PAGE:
Nancy's Columns

The Grading Dilemma

Under topic: testing

Teachers face a dilemma when forced to give students letter grades: A, B, C, D, F. When an average student receives the average grade of C does this mean he mastered the content of the course in a satisfactory way given his potential? Or does it mean that an above average student did not accomplish what was expected of him and received an unsatisfactory grade of C. Who is to know if there is this distinction when un-commented grades are given and posted in records? Also what is the range of accomplishment between an A and a B grade?

Did one student do work that would be considered outstanding and receive the same A as another student who just barely made the A grade?

Or does the A grade mean that the student showed great improvement and is being rewarded for his effort?

College placement offices have always had problems with letter grades because one teacher's A means something quite different from another teacher's.

Are the grades given to reflect only the mastering of the course content? Do they reflect effort and improvement on the part of the student? Are they based on completion of homework assignments and attendance at class? In these latter cases, a student presumably could show mastery of the subject on a test, but still receive a low grade because of poor attendance, missed homework or a "poor attitude." Elementary schools seem to have less difficulty with grades than high schools. In elementary schools teachers tend to confer more often with each other and with parents.

Students usually know where they stand in relation to the rest of the class. Also programs and the placement of students do not depend wholly on the grades in the folder. Teachers use other criteria and are more flexible in making adjustments to programs to fit the students' needs.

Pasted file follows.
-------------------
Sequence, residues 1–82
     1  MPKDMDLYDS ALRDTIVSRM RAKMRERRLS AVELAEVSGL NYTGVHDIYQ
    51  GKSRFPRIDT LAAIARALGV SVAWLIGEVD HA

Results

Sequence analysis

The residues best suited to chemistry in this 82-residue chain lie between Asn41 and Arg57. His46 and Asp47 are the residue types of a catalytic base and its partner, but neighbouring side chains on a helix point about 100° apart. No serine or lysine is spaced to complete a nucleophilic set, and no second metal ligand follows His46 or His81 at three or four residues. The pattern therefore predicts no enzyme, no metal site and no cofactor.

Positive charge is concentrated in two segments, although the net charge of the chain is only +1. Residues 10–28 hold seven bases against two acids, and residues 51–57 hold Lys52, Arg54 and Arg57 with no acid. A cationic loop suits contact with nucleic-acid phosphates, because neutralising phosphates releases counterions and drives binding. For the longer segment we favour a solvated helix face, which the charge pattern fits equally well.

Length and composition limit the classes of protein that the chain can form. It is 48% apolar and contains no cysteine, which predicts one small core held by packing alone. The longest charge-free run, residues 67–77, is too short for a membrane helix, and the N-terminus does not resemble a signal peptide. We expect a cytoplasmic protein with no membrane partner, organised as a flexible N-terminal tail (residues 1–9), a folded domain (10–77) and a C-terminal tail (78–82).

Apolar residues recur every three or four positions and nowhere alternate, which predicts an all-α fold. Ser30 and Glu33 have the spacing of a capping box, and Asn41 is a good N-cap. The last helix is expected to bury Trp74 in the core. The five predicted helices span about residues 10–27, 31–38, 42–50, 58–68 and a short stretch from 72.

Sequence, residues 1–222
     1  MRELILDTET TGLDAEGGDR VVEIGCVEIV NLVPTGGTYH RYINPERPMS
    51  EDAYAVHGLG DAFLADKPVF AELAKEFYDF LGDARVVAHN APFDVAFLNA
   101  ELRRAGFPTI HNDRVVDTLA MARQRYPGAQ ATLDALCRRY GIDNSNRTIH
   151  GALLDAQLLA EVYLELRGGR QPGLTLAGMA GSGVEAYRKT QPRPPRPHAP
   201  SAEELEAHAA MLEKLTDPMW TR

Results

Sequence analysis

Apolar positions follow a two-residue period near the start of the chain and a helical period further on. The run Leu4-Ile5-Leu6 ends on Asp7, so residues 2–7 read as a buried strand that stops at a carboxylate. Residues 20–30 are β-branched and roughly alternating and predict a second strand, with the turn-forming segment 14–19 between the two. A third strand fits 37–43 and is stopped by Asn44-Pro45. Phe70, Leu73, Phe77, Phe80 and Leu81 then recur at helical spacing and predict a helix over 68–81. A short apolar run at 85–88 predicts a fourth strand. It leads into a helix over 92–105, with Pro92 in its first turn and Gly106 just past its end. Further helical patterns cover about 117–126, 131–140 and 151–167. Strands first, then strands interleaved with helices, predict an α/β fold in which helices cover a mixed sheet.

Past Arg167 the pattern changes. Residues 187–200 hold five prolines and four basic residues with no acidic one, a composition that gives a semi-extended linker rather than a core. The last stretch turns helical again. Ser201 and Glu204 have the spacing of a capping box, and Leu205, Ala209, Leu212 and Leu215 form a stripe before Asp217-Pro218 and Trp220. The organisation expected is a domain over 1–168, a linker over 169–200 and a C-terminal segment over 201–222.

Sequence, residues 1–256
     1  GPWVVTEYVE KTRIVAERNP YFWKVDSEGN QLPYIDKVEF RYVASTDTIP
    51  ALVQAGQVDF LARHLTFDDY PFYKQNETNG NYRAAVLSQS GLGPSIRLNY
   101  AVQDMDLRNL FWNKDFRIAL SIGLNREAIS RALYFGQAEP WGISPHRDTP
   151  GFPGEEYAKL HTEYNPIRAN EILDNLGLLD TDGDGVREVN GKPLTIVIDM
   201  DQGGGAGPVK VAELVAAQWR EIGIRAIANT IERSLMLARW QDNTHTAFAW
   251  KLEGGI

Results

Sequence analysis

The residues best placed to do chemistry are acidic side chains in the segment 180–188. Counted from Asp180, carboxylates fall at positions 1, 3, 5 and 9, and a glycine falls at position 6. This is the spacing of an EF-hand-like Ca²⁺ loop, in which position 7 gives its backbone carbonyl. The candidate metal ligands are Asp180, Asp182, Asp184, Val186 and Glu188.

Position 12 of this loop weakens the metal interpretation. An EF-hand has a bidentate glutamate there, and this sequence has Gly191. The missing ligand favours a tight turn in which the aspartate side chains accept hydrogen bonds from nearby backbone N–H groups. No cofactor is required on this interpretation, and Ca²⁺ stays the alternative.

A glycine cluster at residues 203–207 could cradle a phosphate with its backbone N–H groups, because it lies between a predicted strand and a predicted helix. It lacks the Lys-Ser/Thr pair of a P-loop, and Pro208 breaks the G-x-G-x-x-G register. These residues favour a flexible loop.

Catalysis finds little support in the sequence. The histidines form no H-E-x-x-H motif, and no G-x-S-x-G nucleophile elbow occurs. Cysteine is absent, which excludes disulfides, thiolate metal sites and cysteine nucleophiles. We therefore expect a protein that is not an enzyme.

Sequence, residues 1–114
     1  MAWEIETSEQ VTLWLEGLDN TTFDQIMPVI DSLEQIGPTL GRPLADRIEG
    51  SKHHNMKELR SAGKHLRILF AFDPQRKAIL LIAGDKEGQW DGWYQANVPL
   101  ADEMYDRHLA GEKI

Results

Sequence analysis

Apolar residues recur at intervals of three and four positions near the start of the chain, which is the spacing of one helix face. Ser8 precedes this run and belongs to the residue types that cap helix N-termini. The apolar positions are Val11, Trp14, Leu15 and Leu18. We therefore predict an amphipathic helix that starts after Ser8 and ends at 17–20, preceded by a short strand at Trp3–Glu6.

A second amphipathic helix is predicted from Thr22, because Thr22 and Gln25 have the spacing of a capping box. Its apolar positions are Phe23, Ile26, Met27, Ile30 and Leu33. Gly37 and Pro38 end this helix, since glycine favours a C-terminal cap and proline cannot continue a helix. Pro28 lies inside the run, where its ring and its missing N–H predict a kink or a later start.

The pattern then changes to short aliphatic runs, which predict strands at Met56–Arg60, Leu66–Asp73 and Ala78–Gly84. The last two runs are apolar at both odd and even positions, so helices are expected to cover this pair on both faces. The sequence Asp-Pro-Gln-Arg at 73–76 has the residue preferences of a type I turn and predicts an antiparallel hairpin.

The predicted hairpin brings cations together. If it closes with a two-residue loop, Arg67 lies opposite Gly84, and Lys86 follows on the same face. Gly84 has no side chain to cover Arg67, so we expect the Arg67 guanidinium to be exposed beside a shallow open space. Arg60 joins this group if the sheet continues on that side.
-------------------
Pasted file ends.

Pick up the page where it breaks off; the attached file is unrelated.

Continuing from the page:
They also get to know each individual child and can be more responsive to his or her needs. This is not true in high school. Teachers make judgments about many more students whom they see for less time and these judgments can affect students' futures.

College placement offices have always had problems with letter grades because one teacher's A means something quite different from another teacher's.

Colleges solve this problem, in part, by keeping track of the students from a particular school and correlating their high school grades with subsequent performance. In other words, they find out what an A from that school really means. Recently, in New Jersey, it was discovered that after taking the placement exam, 73 percent of all entering freshmen at Middlesex County College needed to take a remedial course in either math, reading or writing before taking the regular college curriculum.

That should not be surprising given the national trend.

What is surprising is that some of these students apparently did not know they were candidates for remedial courses.

Madan Capoor, Middlesex County College director of research and planning, is quoted as saying that some freshmen, who failed the test, were shocked at their low placement scores because they had gotten C's, B's and a few A's in high school. Some wept. Perhaps it is time for school systems to re-evaluate their reporting procedures.

Instead of giving letter grades which either have no meaning or which have different meanings for different people, students should be told exactly what they can do and cannot do and what programs will be available to them. Letter grades do not give this information.

This type of reporting also has the potential of being used punitively or as a reward and can be very discouraging.

Students need to be encouraged to take the next step in learning, letter grades do not assist in this process.

First published in 1998

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